Art of Coastal Navigation

You Really Need To Know This

( the art of coastal navigation )

It’s a strange thing about sailing.

Figure this.

It’s much easier and safer to navigate your boat over thousands of miles of untracked ocean, from say Seattle to Tokyo, than to sail 5 miles into the harbour of any city at night – or 20 miles along any coast for that matter, day or night.

You can blame it on technology of course. The Global Positioning System, or GPS, has made ocean navigation relatively simple. Press a button and you know where you are to within a few meters.

And when you navigate in oceans you’re generally headed for a fairly big target, a city or major port, so there really isn’t the need for the pinpoint position accuracy you get with GPS. Unless of course you’re sailing into the reefs and atolls of the south pacific, in which case you’re in the same trouble as

the coastal navigator

Most problems in navigation come when you get to the rocky bits around the edge.

If you’re sailing on a shoestring as many of us are, you’re probably using paper charts and a GPS for navigation. But have you checked the date that your chart was surveyed recently?

If you do, you’ll probably find that the actual survey the chart is based on was done way before they had GPS, maybe even a hundred years ago.

And herein lies the problem.

Your GPS will give you a position within 10 meters, but your chart may be nowhere near that accurate, especially if it’s a chart of some unfrequented coast.

So if you rely on your GPS for position and lay that position on your paper chart and then believe what you see on the chart, you could be in for an unpleasant surprise.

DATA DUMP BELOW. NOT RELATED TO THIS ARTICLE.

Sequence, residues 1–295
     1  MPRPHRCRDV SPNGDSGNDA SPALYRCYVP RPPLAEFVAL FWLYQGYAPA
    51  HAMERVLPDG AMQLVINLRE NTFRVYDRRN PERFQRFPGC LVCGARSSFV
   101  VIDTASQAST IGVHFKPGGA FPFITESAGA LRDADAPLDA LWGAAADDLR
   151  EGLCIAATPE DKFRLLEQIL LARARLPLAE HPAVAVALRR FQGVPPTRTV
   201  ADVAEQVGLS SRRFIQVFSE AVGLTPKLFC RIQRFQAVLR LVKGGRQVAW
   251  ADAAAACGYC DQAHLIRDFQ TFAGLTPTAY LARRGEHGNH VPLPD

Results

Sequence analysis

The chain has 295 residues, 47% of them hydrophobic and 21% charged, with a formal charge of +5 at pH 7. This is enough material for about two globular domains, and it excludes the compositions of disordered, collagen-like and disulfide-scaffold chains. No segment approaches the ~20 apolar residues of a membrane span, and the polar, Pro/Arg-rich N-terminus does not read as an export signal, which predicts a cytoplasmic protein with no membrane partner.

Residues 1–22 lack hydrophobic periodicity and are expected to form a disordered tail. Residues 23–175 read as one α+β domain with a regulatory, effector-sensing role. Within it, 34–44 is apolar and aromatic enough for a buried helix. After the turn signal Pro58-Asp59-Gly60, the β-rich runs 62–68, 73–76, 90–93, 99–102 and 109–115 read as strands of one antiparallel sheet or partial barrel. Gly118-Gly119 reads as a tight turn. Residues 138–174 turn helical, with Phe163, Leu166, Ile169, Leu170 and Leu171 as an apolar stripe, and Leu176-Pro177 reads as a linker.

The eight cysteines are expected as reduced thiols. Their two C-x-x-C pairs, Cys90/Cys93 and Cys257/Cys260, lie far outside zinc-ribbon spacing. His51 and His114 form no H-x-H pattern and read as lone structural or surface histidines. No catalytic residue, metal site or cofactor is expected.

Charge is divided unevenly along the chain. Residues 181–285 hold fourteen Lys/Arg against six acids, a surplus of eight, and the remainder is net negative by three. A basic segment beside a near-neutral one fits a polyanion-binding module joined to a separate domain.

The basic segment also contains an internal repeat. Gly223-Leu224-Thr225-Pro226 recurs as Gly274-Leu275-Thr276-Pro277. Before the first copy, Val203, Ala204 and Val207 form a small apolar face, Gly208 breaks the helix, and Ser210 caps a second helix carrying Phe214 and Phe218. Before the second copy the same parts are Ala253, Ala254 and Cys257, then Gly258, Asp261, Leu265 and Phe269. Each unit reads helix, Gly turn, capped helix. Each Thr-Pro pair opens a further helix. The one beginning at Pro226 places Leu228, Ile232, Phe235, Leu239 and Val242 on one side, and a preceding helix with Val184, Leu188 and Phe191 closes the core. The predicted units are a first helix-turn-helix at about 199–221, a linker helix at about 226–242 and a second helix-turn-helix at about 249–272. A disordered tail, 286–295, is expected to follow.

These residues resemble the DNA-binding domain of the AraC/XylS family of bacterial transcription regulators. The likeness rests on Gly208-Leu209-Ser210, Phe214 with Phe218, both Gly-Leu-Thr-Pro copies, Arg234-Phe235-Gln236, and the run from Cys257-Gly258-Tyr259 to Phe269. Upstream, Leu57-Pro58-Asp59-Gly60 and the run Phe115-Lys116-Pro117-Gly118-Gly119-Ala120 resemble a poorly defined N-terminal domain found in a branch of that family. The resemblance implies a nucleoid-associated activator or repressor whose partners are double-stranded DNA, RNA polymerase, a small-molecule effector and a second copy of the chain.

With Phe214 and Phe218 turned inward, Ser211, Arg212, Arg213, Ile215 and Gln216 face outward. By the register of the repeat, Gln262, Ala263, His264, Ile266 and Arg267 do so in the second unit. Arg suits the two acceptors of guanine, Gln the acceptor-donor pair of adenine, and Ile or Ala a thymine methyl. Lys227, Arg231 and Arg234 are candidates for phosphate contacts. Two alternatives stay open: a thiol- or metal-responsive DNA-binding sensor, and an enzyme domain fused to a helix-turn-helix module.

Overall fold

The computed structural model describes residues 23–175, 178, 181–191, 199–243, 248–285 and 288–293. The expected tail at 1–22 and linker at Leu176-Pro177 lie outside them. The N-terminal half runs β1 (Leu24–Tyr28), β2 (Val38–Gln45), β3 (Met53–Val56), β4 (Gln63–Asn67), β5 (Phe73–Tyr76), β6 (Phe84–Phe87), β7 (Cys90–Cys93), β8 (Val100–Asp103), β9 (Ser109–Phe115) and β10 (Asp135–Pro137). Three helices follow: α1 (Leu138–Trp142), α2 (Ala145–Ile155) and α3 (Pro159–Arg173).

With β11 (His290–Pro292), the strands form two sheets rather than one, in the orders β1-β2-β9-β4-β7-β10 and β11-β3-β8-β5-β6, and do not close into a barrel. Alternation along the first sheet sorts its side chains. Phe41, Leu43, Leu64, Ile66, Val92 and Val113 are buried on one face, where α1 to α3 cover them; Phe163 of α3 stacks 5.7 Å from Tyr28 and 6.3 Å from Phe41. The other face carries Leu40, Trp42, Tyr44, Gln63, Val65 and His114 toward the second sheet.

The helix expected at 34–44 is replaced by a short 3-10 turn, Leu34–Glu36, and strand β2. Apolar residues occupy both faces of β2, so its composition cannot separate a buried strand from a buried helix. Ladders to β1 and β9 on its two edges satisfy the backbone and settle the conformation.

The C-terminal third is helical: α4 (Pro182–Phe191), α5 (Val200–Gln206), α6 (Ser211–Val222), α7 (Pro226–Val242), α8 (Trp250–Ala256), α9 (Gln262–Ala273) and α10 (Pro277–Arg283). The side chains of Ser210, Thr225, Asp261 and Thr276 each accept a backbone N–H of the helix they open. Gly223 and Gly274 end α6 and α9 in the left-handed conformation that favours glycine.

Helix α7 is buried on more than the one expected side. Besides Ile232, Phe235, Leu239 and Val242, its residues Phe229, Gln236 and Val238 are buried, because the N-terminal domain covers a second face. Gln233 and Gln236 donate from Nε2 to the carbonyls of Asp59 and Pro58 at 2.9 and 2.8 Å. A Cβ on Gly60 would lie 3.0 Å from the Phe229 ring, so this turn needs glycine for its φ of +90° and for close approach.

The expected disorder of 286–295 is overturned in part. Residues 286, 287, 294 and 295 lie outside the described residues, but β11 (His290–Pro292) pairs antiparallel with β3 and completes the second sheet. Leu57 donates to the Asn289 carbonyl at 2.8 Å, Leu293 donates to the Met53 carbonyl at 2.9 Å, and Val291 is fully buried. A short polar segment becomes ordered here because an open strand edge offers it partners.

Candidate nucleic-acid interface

You should always assume that the indicated positions of offshore reefs, rocks, sandbanks and other nautical obstacles are at best approximate when you lay a course on your paper chart. You should also realise that your chart has probably not had a major revision for 50 years.

Things change – and it probably wasn’t that accurate in the beginning.

What I’m coming to is a plug for the ancient art of coastal navigation.

I believe every sailor who ventures outside his or her port or estuary should have a working knowledge of coastal navigation.

Relying on your GPS in these circumstances can be fatal.

Don’t believe me? Read this sad, sad story.

You need to be able to keep a dead reckoning log, you need to be able to check your position using a depth sounder, a hand-held compass, dividers and parallel ruler, you need to be able to interpret your chart and use the information on it to help you determine your position.

In other words, you need to become a coastal navigator.

Your life could depend on it.

Why not get this vital skill before the next sailing season?

Here’s my pick of the coastal navigation courses available on the internet. I don’t know this guy, but he’s based in my home state, South Australia and the multimedia course is really very good.

Don’t be put off by the hokey website.

Tony Hollin’s multimedia coastal navigation course

And I don’t make a cent out of this recommendation – unfortunately